CPA could put squeeze on landlords
The new CPA (Consumer Protection Act) poses many benefits to the South African public, however, the act itself does enforce legislation that could negatively affect landlords and property managers earning a living in the rental market.
Michelle Dickens, Managing Director of TPN (Tenant Profile Network), a specialist property credit bureau and developer of the industry’s first rental payment profile, strongly advises property managers and landlords to seek legal advice when it comes to interpreting the language of the CPA. "The CPA, while very positive for consumers does pose concerns for those who have invested in the property rental market. Many aspects of the act remain unclear and businesses need to empower themselves through knowledge."
What is clear, a rental agreement is specifically defined as a service in the CPA and tenants who contract in their personal capacity or juristic capacity below a threshold still to be determined will enjoy the protection of the CPA.
Property Legal Expert and founder of Marlon Shevelew and Associates, Marlon Shevelew believes that the act will have a strong impact on the rental market. "Though the act affords great protection to consumers, it will introduce uncontrolled and seemingly unfair rights for tenants.
In many instances tenants will now be able to get out of lease agreements at the property owner’s and managing agent’s expense. It will also empower them to simultaneously place added obligations and additional burdens such as extra expenses and legal restraints on Landlords and managing agents," says Shevelew.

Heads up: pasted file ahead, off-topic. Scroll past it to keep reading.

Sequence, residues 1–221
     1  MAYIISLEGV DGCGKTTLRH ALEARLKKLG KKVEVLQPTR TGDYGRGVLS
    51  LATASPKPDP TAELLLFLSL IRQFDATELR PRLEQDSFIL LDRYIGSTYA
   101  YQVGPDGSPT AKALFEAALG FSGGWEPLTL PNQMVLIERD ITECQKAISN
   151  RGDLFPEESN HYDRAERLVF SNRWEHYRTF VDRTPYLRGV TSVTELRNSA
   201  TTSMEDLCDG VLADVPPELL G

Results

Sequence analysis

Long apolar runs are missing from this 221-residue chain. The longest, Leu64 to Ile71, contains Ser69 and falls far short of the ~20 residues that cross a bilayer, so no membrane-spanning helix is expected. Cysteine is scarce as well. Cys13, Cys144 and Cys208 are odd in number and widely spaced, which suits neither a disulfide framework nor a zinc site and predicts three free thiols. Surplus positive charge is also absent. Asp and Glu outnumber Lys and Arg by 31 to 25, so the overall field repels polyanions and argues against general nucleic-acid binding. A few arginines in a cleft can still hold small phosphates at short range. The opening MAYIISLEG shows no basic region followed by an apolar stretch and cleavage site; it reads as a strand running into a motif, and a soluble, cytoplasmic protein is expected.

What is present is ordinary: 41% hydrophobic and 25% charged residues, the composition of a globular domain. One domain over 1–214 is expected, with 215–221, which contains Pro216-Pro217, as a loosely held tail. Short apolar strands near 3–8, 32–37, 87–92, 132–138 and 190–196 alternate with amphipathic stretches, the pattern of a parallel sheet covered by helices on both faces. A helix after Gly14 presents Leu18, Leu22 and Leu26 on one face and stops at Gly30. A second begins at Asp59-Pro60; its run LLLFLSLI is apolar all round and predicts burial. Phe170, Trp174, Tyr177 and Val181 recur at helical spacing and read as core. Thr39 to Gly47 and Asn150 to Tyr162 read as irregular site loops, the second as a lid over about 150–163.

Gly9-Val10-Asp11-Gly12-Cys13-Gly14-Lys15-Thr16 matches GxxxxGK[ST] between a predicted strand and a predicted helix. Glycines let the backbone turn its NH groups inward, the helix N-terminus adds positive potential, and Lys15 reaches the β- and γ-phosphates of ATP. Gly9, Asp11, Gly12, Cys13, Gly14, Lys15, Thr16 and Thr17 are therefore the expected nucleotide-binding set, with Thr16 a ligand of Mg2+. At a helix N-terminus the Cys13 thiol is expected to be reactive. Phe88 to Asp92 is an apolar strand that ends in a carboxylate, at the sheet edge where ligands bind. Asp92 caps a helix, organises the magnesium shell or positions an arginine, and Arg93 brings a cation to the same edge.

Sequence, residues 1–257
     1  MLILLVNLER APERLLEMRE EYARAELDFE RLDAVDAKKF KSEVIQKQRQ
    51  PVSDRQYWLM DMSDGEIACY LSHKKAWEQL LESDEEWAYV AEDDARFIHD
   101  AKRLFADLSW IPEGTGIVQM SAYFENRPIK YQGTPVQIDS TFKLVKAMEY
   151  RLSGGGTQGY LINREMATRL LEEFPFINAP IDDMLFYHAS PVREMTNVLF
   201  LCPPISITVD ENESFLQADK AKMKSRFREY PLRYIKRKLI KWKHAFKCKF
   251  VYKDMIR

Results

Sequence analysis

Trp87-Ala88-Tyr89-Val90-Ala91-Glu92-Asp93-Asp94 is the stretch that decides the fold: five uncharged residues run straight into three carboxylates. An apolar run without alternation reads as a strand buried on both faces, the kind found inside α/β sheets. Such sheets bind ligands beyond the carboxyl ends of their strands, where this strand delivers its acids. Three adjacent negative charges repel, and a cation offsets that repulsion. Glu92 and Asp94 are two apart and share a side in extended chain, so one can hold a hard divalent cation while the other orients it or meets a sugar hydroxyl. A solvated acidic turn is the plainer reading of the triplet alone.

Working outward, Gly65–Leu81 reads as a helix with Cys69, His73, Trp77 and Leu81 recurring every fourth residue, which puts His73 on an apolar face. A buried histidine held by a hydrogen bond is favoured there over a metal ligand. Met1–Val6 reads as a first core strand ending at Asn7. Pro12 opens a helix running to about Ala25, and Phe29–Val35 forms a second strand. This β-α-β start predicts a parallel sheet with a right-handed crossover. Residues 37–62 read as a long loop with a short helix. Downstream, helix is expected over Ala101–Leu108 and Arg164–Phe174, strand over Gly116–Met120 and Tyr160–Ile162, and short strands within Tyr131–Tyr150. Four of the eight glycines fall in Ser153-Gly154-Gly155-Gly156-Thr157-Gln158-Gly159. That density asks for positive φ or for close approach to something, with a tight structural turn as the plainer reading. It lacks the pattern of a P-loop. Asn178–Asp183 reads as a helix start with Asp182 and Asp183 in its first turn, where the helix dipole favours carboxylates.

Shevelew advises property managers and landlords to be aware of the following:
- The act contains various sections which are unclear if they apply to rental industry. This makes it virtually impossible for landlords and property managers to discern would be transgressions of the CPA.
- Landlords and Property Managers have to ensure that all their documentation i.e. lease agreements are in plain and understandable language to comply with section 22 of the CPA.
- The act introduces constraints on direct marketing and has an ambiguous definition on discrimination. This will make it more difficult to run rental businesses by virtue of these stipulations.
The CPA will affect the rental industry in a number of ways. Shevelew says, "Section 14 of the Act, amongst others, clearly gives tenants rights to terminate fixed terms agreements on 20 business days’ notice. The landlord or managing agent can hold the tenant liable for the rent up until the cancellation date and a reasonable cancellation fee. The concern is the determination of what a reasonable cancellation fee is, as possibly will not include any future unpaid rent until a new suitable tenant is found for the property.
"Section 14 also affords the tenant a 20 business day period to remedy any breach of agreement. This will certainly delay the landlord or managing agent’s ability to proceed with cancelling any contract or legal action prior to this 20 business day remedy," he says.
"Compounding this is the inherent right of tenants to raise defenses of discrimination, an unclearly worded lease agreement and others to guard themselves against the relief that a Landlord might need to terminate a lease or evict a tenant. The downside is that property owners and buy to let investors will be uncertain of their rental income, their bond repayment shortfall and their ability to use a lease agreement as collateral security for a bank loan, to mention a few."